Heart Health: 8 Low-Sodium Foods

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  • The Silent Killer

    The Silent Killer

    You have probably heard that eating too much salt can be harmful. Sometimes it is doing damage without you even realizing it. For example, too much salt in your diet can lead to high blood pressure, which is difficult for a person to detect, especially at first.

    Dr. Morton Tavel, professor emeritus at Indiana School of Medicine, says that at least one-third of Americans have high blood pressure. That number increases with age.

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  • Lower Sodium, Stronger Heart

    Lower Sodium, Stronger Heart

    Tavel says you should limit yourself to no more than 2,300 milligrams of sodium per day, which is just about the amount of sodium found in one teaspoon of salt. However, he says even a modest reduction, to 3,000 milligrams per day, can lead to better health.

    Tavel recommends choosing foods that are labeled “reduced sodium” or “no salt added.” Be sure to read labels, and choose foods that contain less than 5 percent of the recommended daily salt allowance.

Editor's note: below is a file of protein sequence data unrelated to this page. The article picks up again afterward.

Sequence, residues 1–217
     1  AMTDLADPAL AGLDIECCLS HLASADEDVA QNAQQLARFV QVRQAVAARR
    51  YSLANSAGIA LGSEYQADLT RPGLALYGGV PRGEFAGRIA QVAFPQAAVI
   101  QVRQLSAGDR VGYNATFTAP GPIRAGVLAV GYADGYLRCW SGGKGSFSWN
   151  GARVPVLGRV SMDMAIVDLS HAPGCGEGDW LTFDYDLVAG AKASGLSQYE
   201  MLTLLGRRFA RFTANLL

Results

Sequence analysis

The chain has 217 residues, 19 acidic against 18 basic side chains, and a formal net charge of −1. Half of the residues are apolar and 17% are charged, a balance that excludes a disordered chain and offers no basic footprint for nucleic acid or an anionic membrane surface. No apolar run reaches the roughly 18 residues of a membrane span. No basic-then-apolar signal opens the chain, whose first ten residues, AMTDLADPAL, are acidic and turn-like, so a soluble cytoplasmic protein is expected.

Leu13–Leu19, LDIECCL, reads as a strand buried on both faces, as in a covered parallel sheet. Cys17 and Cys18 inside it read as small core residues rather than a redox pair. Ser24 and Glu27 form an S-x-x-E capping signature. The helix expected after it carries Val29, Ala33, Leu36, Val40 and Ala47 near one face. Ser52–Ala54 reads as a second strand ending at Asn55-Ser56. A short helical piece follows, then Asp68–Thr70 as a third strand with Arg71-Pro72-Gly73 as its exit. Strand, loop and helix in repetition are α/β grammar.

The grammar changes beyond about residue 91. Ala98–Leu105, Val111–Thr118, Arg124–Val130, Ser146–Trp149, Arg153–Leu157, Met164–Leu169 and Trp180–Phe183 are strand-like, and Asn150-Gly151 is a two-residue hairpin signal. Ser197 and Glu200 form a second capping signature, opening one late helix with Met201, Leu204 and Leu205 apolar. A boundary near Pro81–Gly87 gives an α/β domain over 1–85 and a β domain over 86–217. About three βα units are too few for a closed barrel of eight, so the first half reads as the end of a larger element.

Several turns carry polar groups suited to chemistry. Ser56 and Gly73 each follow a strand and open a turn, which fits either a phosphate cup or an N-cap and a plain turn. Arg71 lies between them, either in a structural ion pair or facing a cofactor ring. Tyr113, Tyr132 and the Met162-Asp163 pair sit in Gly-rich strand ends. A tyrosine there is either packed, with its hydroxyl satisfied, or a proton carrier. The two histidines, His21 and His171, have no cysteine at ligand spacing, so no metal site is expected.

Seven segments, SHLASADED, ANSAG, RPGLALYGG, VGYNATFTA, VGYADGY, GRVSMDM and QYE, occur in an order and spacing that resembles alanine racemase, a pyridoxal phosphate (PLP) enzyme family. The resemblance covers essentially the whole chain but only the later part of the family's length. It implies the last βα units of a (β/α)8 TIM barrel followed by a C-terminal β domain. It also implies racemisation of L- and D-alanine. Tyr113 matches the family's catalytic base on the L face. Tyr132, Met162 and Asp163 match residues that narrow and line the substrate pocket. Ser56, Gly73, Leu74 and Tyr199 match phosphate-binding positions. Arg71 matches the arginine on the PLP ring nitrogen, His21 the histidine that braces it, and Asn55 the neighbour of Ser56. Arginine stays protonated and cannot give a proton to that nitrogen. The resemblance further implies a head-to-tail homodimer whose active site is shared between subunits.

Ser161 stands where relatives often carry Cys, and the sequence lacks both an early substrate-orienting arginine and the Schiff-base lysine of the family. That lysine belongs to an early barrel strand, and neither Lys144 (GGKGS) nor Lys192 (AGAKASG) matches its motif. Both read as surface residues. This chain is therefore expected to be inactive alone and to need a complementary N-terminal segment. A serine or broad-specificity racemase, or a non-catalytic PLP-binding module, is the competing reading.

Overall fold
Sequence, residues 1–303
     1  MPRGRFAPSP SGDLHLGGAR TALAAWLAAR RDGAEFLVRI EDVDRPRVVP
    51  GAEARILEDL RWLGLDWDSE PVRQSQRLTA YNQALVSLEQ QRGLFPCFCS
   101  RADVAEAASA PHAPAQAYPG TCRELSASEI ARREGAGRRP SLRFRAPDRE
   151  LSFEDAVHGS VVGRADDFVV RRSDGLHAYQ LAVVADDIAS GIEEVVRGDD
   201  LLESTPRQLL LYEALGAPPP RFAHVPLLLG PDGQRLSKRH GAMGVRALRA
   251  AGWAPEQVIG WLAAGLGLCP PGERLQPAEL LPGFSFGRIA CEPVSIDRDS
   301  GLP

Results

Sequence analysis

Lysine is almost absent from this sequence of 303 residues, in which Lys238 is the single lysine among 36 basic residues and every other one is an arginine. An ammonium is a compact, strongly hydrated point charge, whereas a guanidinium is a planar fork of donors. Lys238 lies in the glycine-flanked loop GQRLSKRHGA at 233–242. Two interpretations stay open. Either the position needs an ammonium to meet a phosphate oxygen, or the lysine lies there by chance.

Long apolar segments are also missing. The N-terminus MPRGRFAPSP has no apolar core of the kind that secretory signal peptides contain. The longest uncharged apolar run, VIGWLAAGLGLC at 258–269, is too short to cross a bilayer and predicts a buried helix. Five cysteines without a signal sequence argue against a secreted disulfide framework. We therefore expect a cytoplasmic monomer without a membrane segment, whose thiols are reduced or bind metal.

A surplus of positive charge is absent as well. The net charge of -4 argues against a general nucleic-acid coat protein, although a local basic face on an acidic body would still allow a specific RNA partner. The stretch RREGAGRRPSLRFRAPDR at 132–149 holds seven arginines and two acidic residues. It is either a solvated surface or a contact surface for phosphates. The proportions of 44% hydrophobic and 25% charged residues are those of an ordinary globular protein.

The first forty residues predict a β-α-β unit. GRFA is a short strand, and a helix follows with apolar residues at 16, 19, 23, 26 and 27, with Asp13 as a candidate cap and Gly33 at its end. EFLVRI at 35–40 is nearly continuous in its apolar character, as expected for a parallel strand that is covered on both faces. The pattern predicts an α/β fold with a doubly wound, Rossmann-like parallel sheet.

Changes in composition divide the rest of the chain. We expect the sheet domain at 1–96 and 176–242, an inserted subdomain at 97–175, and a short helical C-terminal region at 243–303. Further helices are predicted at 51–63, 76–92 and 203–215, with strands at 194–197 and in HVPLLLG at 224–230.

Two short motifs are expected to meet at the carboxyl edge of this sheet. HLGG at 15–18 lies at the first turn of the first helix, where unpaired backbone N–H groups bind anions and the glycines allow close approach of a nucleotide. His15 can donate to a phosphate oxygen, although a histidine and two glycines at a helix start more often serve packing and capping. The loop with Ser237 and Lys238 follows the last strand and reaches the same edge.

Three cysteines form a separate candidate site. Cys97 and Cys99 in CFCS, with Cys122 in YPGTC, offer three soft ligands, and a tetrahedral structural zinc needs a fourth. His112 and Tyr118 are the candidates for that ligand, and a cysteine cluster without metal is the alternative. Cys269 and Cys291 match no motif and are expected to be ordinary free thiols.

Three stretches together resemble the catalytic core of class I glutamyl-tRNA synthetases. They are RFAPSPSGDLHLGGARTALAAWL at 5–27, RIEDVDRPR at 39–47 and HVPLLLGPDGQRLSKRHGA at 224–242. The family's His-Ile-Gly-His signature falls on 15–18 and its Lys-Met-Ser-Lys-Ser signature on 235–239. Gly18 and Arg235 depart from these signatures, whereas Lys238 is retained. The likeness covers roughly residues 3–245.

Lise Gloede, a registered dietitian and nutritionist, recommends several low-sodium food options in the next several slides.

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  • You Can’t Go Wrong with Veggies

    You Can’t Go Wrong with Veggies

    Fresh and frozen vegetables are naturally low in sodium (usually less than 50 milligrams per serving) so “load up on these,” Gloede says. “Be careful of canned vegetables and high salt salad dressings,” she warns.

    Instead, she recommends dressing up a salad with balsamic vinegar, and maybe adding shelled edamame, a low-sodium soybean. “It’s easy to throw on a salad and very nutritious.”

  • Potatoes and Potassium

    Potatoes and Potassium

    Baked potatoes and sweet potatoes are naturally low in sodium and high in potassium, Gloede says. Tavel adds that if your diet is high in potassium, you don’t need to trim as much sodium from your diet (although you probably should).

    Want to jazz up your potatoes? Gloede suggest adding low-sodium salsa to a baked potato, or sprinkling some cinnamon on a sweet potato.

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  • Take Your Time Enjoying Some Nuts

    Take Your Time Enjoying Some Nuts

    Unsalted nuts in the shell are an excellent snack option, says Gloede, because they contain no sodium at all. The added bonus, she adds, is that it “takes longer to eat when you have to get them out of the shell, so it helps with not overeating them.”

    Popcorn can be a great low sodium treat, too. Pop it in an air popper yourself or on the stove with just a bit of olive oil.

  • Fruit is Nature’s Candy

    Fruit is Nature’s Candy

    Much like vegetables, fruits are naturally low in sodium. Apples, apricots, papayas, and pears are your best bets, along with bananas, which are also packed with heart-friendly potassium.